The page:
By the end of Mycénien ran the legend from a mysterious island on the banks of which the sailors perished attracted by the song of the birds. It was told that the navigators who passed along these coasts made fill up their ears with wax not to be diverted and to die. Even Orphée the musician wanted to hear nothing of this continuous song. Ulysses the first wished to hear it. He took the precaution to make attach his feet and his hands to the
mast of his ship. Only Boutès jumped.
This text by Pascal Quignard, chosen in preamble, opens an imaginarywhich lets predict an insane and crazy universe. From this clear, known moment, very well known, explicit, according to my knowledge, my history, my reality, like those of my contemporaries, I plunge and I live this passage close to the dream which I make the night; I slip little by little to a world at the same time fairylike and diabolic, grotesque, sometimes vulgar, as extremely as the truth and yet illusory, instantaneous and yet premeditated, which sometimes transport me towards megalomania, sometimes towards the self derision, where the most atrocious fears, the most insane joys, and the most absurd ideas cohabit between them, sometimes in defiance of received ideas from my own culture and my own codes.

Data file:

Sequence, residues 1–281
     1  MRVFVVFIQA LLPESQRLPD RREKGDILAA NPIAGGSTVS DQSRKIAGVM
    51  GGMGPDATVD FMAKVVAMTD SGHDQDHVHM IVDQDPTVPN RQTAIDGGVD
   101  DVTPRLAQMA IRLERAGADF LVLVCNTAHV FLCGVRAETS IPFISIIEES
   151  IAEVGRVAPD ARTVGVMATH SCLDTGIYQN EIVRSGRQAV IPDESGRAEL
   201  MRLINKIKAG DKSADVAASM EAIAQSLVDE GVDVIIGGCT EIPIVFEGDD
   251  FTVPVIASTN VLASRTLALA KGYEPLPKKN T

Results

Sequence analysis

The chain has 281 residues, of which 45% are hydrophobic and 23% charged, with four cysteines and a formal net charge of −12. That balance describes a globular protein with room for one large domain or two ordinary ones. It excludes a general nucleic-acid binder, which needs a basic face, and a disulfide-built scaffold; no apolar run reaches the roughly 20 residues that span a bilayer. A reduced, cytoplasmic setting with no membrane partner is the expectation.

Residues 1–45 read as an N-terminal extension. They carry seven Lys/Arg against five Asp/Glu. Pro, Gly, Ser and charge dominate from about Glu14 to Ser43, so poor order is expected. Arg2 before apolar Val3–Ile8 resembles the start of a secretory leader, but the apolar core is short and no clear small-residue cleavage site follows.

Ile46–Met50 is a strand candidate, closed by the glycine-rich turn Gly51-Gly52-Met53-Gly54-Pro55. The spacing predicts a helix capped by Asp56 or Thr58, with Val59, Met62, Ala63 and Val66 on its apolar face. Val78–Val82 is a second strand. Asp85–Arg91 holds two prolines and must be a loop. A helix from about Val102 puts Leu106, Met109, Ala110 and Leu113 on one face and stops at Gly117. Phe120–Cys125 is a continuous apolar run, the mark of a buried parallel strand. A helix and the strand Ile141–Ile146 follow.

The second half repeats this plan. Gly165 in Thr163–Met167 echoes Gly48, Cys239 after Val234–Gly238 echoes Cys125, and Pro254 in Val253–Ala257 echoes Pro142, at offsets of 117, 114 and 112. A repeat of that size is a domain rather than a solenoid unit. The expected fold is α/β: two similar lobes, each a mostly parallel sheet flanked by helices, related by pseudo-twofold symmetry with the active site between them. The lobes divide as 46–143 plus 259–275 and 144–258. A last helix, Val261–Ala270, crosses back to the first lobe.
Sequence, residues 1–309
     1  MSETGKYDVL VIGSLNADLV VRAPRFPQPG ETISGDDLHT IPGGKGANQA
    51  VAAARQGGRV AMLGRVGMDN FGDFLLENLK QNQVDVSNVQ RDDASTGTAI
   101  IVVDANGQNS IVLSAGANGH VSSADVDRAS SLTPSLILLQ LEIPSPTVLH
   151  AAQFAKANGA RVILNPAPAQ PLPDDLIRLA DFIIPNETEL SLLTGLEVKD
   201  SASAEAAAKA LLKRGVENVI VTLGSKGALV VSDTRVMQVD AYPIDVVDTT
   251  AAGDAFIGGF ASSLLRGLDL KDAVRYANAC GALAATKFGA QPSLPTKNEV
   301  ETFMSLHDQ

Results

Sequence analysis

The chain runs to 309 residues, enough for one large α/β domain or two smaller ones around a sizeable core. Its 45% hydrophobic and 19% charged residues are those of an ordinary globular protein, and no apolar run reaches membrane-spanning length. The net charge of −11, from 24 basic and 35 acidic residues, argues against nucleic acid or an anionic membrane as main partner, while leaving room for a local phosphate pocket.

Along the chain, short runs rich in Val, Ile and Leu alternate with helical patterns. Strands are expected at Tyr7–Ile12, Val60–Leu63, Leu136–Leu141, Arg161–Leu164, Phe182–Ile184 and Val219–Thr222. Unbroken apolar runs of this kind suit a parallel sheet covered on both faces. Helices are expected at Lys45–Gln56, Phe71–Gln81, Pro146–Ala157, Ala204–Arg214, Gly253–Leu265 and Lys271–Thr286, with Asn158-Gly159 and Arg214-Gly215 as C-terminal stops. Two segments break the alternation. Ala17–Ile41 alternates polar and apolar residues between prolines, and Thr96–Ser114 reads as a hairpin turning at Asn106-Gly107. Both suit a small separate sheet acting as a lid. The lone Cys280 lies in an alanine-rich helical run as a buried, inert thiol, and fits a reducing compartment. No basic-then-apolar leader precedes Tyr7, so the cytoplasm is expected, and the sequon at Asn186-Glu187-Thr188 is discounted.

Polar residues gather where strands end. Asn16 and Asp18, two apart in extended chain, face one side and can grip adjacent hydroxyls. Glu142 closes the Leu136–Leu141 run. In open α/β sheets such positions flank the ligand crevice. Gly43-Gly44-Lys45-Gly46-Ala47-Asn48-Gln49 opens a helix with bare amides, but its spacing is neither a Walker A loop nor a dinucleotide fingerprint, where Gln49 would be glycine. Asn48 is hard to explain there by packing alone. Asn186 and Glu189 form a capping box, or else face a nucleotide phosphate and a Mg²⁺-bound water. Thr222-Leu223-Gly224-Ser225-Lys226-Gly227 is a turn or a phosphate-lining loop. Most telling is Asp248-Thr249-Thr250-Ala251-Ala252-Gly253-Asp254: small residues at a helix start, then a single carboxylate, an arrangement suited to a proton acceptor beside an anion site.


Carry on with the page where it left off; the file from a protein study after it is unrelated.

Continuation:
I was told in my childhood, that the lure of the sirens song, spellbound, hypnotized andencouraged sailors to follow these marine creatures in the sea-beds… I have always hidden to myself the after and even more the epilogue.
Choreographer : Samuel Mathieu
Composer : Maxime Denuc
Dancer : Samuel Mathieu
Light Designer : Myriam Bertol
Musician : Juliette Vittu (violoncelle) Laura Prieu (violon) Virginie D'avezac de Castera (Alto) Marina Beherechte(violon)